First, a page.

Saturday, April 23, 2011

Home for the Holidays!

It`s beginning to feel a lot like Easter,
Every where I go,
There are chocolates and bunnies, 
Eggs to get and spend more money,
And people getting stuck in the snow!
The snow!

At moments like this I miss my family and friends. The excitement of gathering together, fixing large meals, last minute grocery shopping, making sure we have 7-Up for Dad, a couple of brands of beer, red and white wine and fresh baking for the guests. Having a few glasses of wine while I prepare the meal and not feeding my family all day as we await the big meal. Telling the girls, enough chocolate! You won`t eat any dinner! Getting the regular OH MOM! And Len saying ``Well, if you don`t need anything I will come back in awhile to help.`` Then him getting so absorbed in what he is doing he arrives to change just as the guests arrive.

Those moments of anticipation and anxiety as I wait for our grandson Charlie to arrive. His mom and dad happily bringing him up the walk. Wondering if he just woke up and will make strange or if it has been too long and he doesn`t remember Nana and Grandpa?

The friends we have invited because they are alone and have no one to spend the day with, joining us apprehensively but still happy to spend a holiday with someone and enjoy the crazy family dynamics that for once are not their problem. The friend can simply laugh as I stress about pleasing Len`s family, or worry that my Mom will enjoy things or my concern that my Dad might not be comfortable, my frustration that my kids might misbehave, the tension as someone says the completely wrong thing that we all promised we wouldn`t talk about. Yes, as insane as a family gathering can be, I miss it!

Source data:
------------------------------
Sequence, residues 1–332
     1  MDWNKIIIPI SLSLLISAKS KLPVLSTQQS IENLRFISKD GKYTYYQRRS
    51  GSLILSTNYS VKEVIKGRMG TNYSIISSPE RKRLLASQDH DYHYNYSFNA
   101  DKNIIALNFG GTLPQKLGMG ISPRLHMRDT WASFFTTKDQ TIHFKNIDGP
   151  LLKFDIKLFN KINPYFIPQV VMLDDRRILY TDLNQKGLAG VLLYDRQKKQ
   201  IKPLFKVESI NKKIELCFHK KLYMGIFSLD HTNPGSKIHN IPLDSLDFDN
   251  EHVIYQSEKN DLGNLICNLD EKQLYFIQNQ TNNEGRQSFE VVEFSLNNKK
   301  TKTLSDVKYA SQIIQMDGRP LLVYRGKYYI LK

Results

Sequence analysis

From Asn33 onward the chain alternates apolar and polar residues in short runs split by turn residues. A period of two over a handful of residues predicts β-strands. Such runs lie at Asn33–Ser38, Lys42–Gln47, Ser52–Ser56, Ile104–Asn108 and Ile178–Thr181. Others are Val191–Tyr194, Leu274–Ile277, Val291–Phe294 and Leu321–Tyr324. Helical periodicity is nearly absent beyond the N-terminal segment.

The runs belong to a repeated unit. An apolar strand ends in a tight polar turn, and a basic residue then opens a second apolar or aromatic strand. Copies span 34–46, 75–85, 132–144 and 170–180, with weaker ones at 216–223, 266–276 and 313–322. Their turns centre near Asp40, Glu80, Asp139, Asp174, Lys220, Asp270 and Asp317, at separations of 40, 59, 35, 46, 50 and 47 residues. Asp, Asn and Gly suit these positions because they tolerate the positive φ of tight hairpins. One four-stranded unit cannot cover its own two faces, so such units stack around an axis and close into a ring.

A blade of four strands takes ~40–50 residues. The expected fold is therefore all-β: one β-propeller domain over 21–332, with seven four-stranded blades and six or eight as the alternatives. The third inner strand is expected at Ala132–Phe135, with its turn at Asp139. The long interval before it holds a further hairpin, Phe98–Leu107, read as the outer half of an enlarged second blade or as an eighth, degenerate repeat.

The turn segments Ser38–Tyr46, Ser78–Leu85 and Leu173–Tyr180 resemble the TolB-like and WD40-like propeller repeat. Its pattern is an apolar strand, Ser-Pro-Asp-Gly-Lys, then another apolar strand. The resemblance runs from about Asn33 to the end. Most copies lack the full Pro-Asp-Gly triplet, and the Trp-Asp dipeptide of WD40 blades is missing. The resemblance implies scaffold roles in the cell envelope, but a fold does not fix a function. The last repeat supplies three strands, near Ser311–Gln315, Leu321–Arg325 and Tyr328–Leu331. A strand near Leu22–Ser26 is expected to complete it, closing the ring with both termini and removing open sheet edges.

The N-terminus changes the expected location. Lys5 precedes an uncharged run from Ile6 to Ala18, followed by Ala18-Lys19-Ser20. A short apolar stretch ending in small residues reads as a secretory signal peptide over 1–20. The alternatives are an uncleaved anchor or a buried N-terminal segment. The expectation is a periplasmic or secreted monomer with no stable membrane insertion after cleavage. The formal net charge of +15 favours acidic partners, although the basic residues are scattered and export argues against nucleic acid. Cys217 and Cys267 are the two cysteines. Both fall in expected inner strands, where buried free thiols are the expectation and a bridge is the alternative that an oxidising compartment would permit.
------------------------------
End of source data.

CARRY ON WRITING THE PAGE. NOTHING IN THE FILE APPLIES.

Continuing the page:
The angst of squeezing everyone in at the dining room table, finding enough chairs to make it all the way round, pushing to get that last plate on. Hoping that everything will be ready on time, turkey cooked right, potatoes soft enough, gravy not too salty, enough food and variety to please my family and guests. Then finding a space to put the food once it`s been passed round, quickly washing up the forks again for dessert, putting the coffee and tea on as our distended yet happy bellies relax from a big meal. As well as the discreet burping and farting that people are trying to act like they didn`t hear.